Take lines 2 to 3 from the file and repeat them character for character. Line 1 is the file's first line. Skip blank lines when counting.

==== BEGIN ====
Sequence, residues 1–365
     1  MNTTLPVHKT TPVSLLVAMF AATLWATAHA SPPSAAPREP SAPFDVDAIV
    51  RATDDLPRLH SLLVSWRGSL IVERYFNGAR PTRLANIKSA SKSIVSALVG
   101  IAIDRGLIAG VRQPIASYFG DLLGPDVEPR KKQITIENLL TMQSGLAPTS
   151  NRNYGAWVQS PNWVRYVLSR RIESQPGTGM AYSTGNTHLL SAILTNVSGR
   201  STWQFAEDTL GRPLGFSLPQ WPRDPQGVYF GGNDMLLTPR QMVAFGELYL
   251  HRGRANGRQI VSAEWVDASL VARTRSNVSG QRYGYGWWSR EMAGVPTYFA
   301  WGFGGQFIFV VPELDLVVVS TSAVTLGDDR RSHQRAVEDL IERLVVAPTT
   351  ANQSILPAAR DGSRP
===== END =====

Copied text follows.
     1  MNTTLPVHKT TPVSLLVAMF AATLWATAHA SPPSAAPREP SAPFDVDAIV
    51  RATDDLPRLH SLLVSWRGSL IVERYFNGAR PTRLANIKSA SKSIVSALVG